Threads of Life, Threads of Guilt
Mattie’s ready to give up when her twin, Matt, drags her to Casa Eva, reputed to be St. Augustine’s “fountain of youth” for cancer patients. But can she be cured of losing her will to live?
If I were a better person, I wouldn’t have cancer. That’s what my last doctor told me.
“The Casa Eva,” Matt announced as I turned into the parking lot, looking for an empty space. I didn’t see any at first, and I felt the big, hairy knot in my gut loosen. There wasn’t any place for me here; there wasn’t any hope. We could turn around and just go home.
“There, there!” Matt exclaimed, almost jumping out of his seat to point out a vacant spot that I’d passed. I slammed on the breaks, almost tossing Matt through the windshield as he threw off his seatbelt. I checked the rear view mirror, then slowly reversed until I could pull into the spot.
Matt opened the door, and the sealed environment of the car popped like a bubble. The heat and humidity that I’d been so successfully fighting for days pushed against my cheek and soaked my clothes as fast as if I were drowning. I felt my throat close up. The entire length of I-95 had smelled like a fat woman’s perfume.
Matt jogged halfway across the parking lot before I heaved myself out of the car. The front entrance was around the corner, whitewashed concrete fronted by green lawns, stone fountains, open pools, palm trees, hedges, and columns. I breathed shallowly, limping. For some reason, my ankle had started to bother me during the last few stops. Then I saw the sign for complimentary valet service and rolled my eyes. Story of my life.
I was met at the entrance by a man as large as a medium-sized grizzly bear but was impeccably groomed, wearing a white shirt and tie. He had a subterranean beard, a smooth face hazed over by an extreme amount of incipient fur.
I smiled at the Gentleman Grizzly—I couldn’t help it—and he offered his arm to me. It was a perfectly courteous gesture that I would have brushed off in any other circumstances. But I’d had to drive the entire way from Montana to get here for Matt’s little experiment, and I was feeling it. Matt had never gotten his driver’s license, depending on friends and family to drive him wherever he wanted to go.
Gentleman Grizzly led me inside. The doors rolled open with a small squeak that made G.G. noticeably frown. A rush of hot air followed me into the hotel, but it weakened and passed away as we walked into the lobby. My airways relaxed. The perfume faded, leaving behind only a cool dryness that somehow wasn’t as sharp as normal air conditioning. I blinked in the soft light, which was almost a balm on my Southern-fried eyeballs.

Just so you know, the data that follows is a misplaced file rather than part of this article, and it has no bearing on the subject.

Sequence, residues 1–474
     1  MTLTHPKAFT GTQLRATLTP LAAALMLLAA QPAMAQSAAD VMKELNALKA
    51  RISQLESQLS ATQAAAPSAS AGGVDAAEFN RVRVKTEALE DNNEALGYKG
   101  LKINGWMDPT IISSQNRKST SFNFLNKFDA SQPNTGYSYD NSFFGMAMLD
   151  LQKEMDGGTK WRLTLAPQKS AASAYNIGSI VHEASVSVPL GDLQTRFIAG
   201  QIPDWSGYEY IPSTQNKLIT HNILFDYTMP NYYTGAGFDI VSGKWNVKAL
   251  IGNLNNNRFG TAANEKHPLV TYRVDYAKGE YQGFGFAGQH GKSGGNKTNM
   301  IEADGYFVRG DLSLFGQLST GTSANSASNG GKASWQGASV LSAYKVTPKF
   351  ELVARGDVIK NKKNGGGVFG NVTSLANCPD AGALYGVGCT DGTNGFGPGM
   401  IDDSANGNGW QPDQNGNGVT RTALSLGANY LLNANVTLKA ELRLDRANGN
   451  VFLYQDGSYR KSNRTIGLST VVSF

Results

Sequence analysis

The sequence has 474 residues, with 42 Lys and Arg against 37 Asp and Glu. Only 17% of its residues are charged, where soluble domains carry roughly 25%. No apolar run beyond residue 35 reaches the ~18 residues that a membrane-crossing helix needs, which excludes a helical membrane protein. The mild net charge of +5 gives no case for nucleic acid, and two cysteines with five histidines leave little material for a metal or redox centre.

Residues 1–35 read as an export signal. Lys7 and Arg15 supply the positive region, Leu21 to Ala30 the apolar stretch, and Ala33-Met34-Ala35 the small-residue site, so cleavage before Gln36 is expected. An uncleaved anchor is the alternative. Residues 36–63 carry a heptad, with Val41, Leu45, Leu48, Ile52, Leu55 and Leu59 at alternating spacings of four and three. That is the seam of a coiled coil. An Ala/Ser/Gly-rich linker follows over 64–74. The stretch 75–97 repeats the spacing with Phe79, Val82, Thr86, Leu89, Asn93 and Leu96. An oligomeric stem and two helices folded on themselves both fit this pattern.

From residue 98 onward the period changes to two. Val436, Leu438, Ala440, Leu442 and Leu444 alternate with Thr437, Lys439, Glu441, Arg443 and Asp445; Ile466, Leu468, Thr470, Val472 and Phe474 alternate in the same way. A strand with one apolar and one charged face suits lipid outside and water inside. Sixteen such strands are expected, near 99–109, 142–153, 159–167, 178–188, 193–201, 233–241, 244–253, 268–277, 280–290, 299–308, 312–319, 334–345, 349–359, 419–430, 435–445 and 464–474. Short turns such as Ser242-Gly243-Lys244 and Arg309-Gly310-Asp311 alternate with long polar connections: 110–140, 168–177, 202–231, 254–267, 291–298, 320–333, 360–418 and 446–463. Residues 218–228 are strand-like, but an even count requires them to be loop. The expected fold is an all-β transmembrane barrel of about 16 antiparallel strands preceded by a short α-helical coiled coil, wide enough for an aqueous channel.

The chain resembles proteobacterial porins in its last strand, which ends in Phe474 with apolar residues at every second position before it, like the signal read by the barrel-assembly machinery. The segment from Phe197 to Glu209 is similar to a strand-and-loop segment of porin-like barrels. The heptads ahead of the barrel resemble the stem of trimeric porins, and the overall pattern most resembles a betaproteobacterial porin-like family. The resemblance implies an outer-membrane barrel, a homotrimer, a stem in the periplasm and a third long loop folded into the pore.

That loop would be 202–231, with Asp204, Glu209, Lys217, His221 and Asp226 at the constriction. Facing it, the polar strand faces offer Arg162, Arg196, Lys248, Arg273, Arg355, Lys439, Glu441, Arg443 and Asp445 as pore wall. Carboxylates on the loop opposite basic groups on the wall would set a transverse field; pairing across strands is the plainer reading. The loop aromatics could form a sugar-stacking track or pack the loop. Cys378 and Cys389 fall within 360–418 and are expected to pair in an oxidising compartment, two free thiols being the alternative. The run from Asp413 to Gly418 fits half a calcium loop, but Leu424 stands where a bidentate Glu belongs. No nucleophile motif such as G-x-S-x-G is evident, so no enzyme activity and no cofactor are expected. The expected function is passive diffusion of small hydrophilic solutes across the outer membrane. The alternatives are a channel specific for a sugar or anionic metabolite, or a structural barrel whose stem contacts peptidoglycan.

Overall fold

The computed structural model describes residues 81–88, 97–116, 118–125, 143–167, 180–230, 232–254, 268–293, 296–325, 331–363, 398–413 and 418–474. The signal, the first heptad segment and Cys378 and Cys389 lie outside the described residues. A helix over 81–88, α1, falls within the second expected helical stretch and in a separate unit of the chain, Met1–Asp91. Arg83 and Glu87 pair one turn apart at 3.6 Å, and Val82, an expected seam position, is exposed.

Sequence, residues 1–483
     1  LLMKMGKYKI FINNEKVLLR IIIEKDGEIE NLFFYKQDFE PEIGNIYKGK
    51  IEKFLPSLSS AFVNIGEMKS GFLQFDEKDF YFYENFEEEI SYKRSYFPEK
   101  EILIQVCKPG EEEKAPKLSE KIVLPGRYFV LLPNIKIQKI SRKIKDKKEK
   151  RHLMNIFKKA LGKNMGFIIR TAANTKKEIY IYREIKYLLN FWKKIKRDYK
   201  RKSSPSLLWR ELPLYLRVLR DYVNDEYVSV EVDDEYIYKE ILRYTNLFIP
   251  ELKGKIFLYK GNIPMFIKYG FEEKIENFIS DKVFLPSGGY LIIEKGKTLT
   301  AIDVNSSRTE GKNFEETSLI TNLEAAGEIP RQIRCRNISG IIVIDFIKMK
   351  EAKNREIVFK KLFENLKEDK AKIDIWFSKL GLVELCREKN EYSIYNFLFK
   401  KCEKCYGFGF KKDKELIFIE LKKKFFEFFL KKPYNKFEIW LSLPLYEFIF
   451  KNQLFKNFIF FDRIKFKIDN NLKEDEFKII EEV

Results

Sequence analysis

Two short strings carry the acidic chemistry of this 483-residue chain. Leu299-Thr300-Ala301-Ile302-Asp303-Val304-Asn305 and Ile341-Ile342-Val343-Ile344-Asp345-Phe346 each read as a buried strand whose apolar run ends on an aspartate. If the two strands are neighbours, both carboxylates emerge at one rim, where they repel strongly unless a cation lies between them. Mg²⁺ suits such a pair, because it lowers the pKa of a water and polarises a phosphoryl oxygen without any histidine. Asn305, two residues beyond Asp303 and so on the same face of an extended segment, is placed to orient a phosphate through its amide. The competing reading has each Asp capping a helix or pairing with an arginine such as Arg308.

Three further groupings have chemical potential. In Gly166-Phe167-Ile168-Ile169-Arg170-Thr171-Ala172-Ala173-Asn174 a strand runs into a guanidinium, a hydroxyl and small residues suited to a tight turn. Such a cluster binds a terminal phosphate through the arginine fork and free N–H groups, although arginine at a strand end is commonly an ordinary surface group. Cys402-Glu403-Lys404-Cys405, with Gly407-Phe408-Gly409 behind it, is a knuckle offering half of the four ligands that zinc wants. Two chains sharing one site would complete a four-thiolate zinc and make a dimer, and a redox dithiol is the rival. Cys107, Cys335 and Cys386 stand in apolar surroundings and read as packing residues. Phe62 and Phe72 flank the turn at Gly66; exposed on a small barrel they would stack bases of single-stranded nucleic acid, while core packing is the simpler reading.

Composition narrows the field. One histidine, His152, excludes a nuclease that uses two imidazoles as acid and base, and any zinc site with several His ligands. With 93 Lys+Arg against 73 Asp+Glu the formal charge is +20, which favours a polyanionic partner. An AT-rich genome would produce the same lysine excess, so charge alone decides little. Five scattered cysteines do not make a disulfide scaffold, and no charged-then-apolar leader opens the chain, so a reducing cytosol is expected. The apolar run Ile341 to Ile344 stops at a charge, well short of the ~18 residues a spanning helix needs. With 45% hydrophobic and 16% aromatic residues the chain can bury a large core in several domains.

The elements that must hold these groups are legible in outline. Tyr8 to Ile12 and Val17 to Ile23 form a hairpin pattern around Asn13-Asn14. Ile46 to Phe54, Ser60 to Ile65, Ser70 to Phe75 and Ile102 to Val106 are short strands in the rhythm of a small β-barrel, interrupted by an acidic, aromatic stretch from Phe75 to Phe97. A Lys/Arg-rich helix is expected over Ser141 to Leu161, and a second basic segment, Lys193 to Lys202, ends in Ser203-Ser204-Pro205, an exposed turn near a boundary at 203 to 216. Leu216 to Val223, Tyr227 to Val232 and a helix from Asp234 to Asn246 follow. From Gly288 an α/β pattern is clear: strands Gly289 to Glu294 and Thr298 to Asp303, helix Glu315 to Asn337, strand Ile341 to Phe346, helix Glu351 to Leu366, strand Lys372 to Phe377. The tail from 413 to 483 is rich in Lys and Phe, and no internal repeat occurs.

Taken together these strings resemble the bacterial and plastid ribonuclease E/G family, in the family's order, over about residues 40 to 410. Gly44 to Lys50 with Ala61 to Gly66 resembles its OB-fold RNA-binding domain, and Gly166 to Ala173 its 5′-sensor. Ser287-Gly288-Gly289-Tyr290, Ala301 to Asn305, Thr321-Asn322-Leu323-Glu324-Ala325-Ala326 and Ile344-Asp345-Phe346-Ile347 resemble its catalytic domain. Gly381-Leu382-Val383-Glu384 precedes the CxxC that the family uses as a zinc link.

Matt rushed up to me with a wheelchair in tow. “Mattie, you shouldn’t be walking. I brought you a wheelchair.”
It was just like him to make me drive three days across the country, then rush to get me a wheelchair. “Matt, when I need a wheelchair, I’ll ask for one. I’m fine.”
Matt gave me a hurt look, plopped down in the wheelchair, and popped a unconvincingly dejected wheelie. The Gentleman Grizzly led me through the lobby straight to the elevator.
The lobby was full of carved dark wood, white plaster, and marble tile. There were large Arabian rugs everywhere, and a stone fountain surrounded by a square pool of blue-and-white tiles. G.G. led me to the elevator, which had three walls of dark wood and one mirrored wall. I turned my back to the mirror before I could see myself; I probably looked even worse than I felt.
The carpet in the halls was so soft, I sank into it. This was a cushioned kind of place, a slow kind of place. There was a high-backed wooden chair just outside the elevators, and G.G. led me to it. I sat down in it. He stepped almost behind the chair, and there was a soft click; then he was pushing the chair on hidden wheels down the hall to my room.
My eyes filled with tears, but I blinked them back. Casa Eva was widely reputed to be a “fountain of youth” for cancer patients, a luxury hotel where your every whim was catered as you were treated by the very best quacks. But a surprising number of us came back, healed. It was a literal last resort; if you couldn’t be healed here, you couldn’t be healed anywhere.
It was a perfect place to die.
On a side note, it always amazes me when nobody else has the same titles I do. Also, this is twin stories of love and loss. G.G. just kind of sticks in my mind…